Grow Economy by Cutting Law School Subsidies

The economy remains slow, recovering from the recession at an unusually low rate, partly due to economically-harmful Obama administration policies. “U.S. stocks fell, dragging the Standard & Poor’s 500 Index lower . . . after employers added fewer jobs than forecast in March,” reports Bloomberg News. As one columnist notes, “Were it not for people dropping out of the labor force, the unemployment rate would be well over 11%.”

Under the Obama administration, the Education Department has poured increasing amounts of financial aid into law schools, while seeking to cut vocational education needed to train certain kinds of skilled factory workers who are in short supply, impeding the expansion of factory operations that would also provide jobs to many unskilled workers. As the American Bar Association’s ABA Journal notes, “Law students . . . are treated generously as future professionals and able to borrow, with virtually no cap, significantly more money than undergrads. . . For several decades, most higher education loans were made by private lenders with the federal government providing guarantees against loss—and, in some cases, interest rate subsidies.”

The leftist law professors who dominate many law schools openly teach law students a contempt for property rights, the rule of law, and the free-market system, telling them that a lawyer’s role is to be “either a social engineer or a parasite on society.” Many law schools are more like incubators of evil than centers of learning. Based on my experience as a graduate of Harvard Law School, much of what law schools teach their students is useless drivel, as some law professors themselves have conceded. Imagine how much more economic growth there could be if taxpayers no longer subsidized law schools and their indoctrination of students in left-wing group-think. (Since many law schools fail to teach much in the way of practical skills, there is also no reason to require people to attend law school before sitting for the bar exam, a requirement that merely enables law schools to jack up tuition.) The lawsuits and social engineering promoted by left-wing law professors harm economic growth.

Cutting subsidies to law schools would allow the government to either reduce the skyrocketing budget deficit, or redirect the money thereby saved to more productive uses, like vocational education. As The Washington Post has noted, as senior skilled factory workers are retiring, no one is taking their place, since “many of the younger workers who might have taken their place have avoided the manufacturing sector because of the . . . stigma of factory work.” Our government’s prejudice against manufacturing and in favor of white-collar college degrees is causing serious harm to our economy. As the Post observes, “A recent report by Deloitte for the Manufacturing Institute, based on a survey of manufacturers, found that as many as 600,000 jobs are going unfilled.” Meanwhile, millions of people are unemployed, many of them people with economically useless college degrees in politically correct majors that teach few useful skills.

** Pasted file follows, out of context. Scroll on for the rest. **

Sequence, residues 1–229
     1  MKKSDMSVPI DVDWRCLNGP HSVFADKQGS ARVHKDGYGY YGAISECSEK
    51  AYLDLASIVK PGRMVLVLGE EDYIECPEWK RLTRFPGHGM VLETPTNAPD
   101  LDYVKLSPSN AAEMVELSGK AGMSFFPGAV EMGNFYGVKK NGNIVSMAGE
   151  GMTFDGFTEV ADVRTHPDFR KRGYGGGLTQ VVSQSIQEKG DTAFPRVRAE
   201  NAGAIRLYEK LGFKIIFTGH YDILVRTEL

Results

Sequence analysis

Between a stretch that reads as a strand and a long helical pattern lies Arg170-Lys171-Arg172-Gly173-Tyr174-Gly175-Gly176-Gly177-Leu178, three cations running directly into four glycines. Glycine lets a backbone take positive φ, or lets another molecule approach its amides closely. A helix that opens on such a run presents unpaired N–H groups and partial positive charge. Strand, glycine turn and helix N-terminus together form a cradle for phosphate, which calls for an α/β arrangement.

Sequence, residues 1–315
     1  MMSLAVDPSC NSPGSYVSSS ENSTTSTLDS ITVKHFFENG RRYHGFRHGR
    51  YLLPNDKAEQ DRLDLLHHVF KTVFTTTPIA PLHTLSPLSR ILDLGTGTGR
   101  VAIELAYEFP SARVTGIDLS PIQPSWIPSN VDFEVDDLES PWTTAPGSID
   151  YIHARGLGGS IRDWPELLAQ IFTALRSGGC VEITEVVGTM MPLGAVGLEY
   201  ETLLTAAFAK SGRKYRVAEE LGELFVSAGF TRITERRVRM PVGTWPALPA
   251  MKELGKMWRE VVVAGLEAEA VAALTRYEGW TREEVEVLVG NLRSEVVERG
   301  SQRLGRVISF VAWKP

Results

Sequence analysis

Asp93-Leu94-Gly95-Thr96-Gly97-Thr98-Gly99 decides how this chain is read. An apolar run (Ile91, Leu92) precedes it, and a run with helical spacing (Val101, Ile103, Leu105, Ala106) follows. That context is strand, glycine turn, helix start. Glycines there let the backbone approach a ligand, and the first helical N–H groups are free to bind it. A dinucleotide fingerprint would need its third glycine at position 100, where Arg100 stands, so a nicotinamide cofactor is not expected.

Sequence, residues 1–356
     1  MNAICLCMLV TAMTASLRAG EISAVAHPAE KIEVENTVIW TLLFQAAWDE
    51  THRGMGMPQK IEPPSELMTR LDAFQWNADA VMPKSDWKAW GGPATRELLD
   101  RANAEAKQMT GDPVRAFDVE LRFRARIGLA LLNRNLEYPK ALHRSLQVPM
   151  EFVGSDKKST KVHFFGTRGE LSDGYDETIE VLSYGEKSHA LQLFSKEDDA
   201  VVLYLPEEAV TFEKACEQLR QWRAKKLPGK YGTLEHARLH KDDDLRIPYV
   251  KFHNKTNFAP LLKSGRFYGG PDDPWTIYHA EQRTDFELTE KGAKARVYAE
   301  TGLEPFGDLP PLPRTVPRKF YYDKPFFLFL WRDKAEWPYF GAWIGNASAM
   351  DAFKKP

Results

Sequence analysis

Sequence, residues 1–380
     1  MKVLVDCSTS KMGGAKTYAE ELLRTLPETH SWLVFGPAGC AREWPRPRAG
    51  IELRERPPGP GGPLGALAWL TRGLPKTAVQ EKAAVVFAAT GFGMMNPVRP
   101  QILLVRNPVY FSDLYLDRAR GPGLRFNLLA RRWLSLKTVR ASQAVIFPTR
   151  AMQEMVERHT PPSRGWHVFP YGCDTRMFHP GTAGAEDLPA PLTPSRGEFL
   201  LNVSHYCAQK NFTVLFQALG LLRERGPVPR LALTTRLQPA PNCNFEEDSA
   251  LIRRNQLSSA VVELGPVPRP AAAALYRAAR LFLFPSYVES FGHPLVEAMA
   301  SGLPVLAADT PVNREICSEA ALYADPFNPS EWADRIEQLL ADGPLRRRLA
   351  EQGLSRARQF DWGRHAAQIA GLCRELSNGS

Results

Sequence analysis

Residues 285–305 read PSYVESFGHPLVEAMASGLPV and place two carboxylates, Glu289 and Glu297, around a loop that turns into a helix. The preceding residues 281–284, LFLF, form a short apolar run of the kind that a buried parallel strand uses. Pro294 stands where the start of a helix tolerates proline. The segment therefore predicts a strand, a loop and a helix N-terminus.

Yet the Obama administration wants to slash useful vocational education that leads to high-paying blue-collar jobs, even as it seeks to increase wasteful education spending that has fueled massive administrative bloat and enormous college bureaucracies. As The New York Times notes, President Obama “aims to shrink the small amount of federal spending for vocational training in public high schools and community colleges. . .The administration has proposed a 20 percent reduction in its fiscal 2012 budget for career and technical education, to a little more than $1 billion, even as it seeks to increase overall education funding by 11 percent.”

Meanwhile, universities continue to expand their bureaucracies to include more duplicative jobs for campus administrators and left-wing apparatchiks. There are now “more administrators than teachers” at many colleges. One university that claims to have cut spending “to the bone” is expanding its huge bureaucracy even further, creating a new full-time “vice chancellor for equity, diversity, and inclusion.” As Heather Mac Donald notes, that position augments the university’s “already massive diversity apparatus, which includes the Chancellor’s Diversity Office, the associate vice chancellor for faculty equity, the assistant vice chancellor for diversity, the faculty equity advisors, the graduate diversity coordinators, the staff diversity liaison, the undergraduate student diversity liaison, the graduate student diversity liaison, the chief diversity officer, the director of development for diversity initiatives, the Office of Academic Diversity and Equal Opportunity, the Committee on Gender Identity and Sexual Orientation Issues, the Committee on the Status of Women, the Campus Council on Climate, Culture and Inclusion, the Diversity Council, and the directors of the Cross-Cultural Center, the Lesbian Gay Bisexual Transgender Resource Center, and the Women’s Center.”